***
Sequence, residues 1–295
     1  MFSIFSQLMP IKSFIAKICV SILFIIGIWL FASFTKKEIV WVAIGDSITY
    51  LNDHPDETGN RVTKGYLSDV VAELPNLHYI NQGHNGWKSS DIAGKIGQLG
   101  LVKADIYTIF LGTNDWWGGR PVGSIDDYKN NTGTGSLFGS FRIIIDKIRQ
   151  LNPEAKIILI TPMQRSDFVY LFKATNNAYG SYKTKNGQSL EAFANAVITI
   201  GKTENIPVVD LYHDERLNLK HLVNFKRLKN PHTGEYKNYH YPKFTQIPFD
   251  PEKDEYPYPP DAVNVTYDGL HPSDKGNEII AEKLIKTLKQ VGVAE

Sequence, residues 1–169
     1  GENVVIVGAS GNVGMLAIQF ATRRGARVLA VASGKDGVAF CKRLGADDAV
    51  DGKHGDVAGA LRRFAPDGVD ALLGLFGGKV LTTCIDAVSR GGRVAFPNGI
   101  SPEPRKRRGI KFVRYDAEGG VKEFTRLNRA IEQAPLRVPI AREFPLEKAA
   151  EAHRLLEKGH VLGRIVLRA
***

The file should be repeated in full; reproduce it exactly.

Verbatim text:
Sequence, residues 1–295
     1  MFSIFSQLMP IKSFIAKICV SILFIIGIWL FASFTKKEIV WVAIGDSITY
    51  LNDHPDETGN RVTKGYLSDV VAELPNLHYI NQGHNGWKSS DIAGKIGQLG
   101  LVKADIYTIF LGTNDWWGGR PVGSIDDYKN NTGTGSLFGS FRIIIDKIRQ
   151  LNPEAKIILI TPMQRSDFVY LFKATNNAYG SYKTKNGQSL EAFANAVITI
   201  GKTENIPVVD LYHDERLNLK HLVNFKRLKN PHTGEYKNYH YPKFTQIPFD
   251  PEKDEYPYPP DAVNVTYDGL HPSDKGNEII AEKLIKTLKQ VGVAE

Sequence, residues 1–169
     1  GENVVIVGAS GNVGMLAIQF ATRRGARVLA VASGKDGVAF CKRLGADDAV
    51  DGKHGDVAGA LRRFAPDGVD ALLGLFGGKV LTTCIDAVSR GGRVAFPNGI
   101  SPEPRKRRGI KFVRYDAEGG VKEFTRLNRA IEQAPLRVPI AREFPLEKAA
   151  EAHRLLEKGH VLGRIVLRA